In addition to the usual foreign policy briefings given him, Mr. Reagan has sought the advice of China scholars outside government. The purpose has been to find out what the Chinese are like and what he can expect in the Chinese environment, culturally and psychologically.
''He clearly is very enthusiastic and upbeat about the trip and very serious about preparing for it,'' says Winston Lord, chairman of the Council of Foreign Relations. Mr. Lord and his wife, Betty, also a China expert, were among several scholars invited to a private luncheon with the President recently.
''It's important to have a feel for the Chinese,'' adds Mr. Lord, ''particularly since he will be communicating with the Chinese people on television - which is unprecedented.''
It is also important to be rested, given the grueling schedule Mr. Reagan will have during the six-day visit in China. To overcome jet lag, Reagan will travel in stages. He leaves for his California ranch Thursday, and will make stops in Honolulu and Guam before flying on to Peking on the 26th.
Reagan political strategists are ecstatic about the opportunities the trip affords for putting the President at center stage.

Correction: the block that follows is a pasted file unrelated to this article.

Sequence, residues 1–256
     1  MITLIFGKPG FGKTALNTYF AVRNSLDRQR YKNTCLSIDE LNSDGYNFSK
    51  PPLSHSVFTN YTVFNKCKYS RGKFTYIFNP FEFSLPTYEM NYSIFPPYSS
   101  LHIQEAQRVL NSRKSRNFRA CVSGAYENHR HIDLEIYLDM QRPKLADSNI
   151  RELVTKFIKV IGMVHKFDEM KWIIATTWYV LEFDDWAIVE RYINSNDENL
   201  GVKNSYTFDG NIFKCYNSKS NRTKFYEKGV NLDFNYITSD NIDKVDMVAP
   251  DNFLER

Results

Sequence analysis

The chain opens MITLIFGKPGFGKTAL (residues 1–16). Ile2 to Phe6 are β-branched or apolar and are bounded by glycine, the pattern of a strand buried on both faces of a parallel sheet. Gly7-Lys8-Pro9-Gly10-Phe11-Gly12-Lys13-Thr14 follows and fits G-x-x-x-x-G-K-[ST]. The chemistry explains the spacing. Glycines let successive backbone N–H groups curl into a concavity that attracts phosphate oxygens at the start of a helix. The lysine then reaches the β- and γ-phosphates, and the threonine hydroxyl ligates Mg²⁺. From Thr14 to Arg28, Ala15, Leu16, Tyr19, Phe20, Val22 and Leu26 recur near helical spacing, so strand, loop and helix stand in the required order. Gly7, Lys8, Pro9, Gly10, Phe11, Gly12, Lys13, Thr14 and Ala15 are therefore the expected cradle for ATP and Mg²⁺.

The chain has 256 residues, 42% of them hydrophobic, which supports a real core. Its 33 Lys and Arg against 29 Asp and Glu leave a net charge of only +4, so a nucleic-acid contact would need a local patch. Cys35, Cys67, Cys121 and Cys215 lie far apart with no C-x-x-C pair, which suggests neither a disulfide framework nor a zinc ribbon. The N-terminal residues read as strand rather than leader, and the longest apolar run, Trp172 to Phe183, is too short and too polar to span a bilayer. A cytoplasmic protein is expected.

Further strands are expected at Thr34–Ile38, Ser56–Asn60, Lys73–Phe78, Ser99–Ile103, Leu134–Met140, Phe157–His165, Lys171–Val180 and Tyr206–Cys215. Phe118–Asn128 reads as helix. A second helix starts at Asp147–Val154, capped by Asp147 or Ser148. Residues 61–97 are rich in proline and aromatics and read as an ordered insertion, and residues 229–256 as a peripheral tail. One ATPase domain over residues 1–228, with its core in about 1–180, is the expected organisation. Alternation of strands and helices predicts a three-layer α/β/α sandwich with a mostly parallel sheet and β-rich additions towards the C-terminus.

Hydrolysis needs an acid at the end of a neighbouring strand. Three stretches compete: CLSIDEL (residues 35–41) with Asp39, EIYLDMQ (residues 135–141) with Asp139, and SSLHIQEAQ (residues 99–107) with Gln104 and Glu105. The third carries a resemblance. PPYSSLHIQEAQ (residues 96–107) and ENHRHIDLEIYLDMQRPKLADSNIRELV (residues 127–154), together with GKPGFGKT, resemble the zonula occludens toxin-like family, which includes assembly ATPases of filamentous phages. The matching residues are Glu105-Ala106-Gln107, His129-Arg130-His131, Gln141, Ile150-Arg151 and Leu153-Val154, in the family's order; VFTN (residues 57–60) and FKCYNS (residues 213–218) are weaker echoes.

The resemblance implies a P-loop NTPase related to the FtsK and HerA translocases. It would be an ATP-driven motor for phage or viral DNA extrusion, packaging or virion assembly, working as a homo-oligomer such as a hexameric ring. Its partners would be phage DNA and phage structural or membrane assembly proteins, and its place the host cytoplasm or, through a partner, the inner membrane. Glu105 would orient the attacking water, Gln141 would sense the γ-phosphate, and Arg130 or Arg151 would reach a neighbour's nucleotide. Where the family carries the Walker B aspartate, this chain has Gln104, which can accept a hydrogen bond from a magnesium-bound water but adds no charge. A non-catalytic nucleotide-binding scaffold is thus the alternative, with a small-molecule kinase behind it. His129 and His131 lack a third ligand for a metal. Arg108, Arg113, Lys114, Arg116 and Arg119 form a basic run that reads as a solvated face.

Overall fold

''It's important for every president, especially when running for reelection, to highlight the differences between himself and the opponents who want his job, '' says a Reagan campaign official. ''The trip to China will highlight not only his foreign policy achievements but the contrast between him and the other three candidates in the race. While they're squabbling and trying to win, he will be seen as a world leader meeting with other leaders halfway around the world.''
The trip promises to be a media extravaganza, with Reagan ''on camera'' for a wide array of colorful events.
During his stay in Peking, the President will visit the Great Wall. He will also address the Chinese people on television, a first for an American president. ''The potential audience is 350 million to 400 million,'' a senior administration official quipped in a briefing for journalists.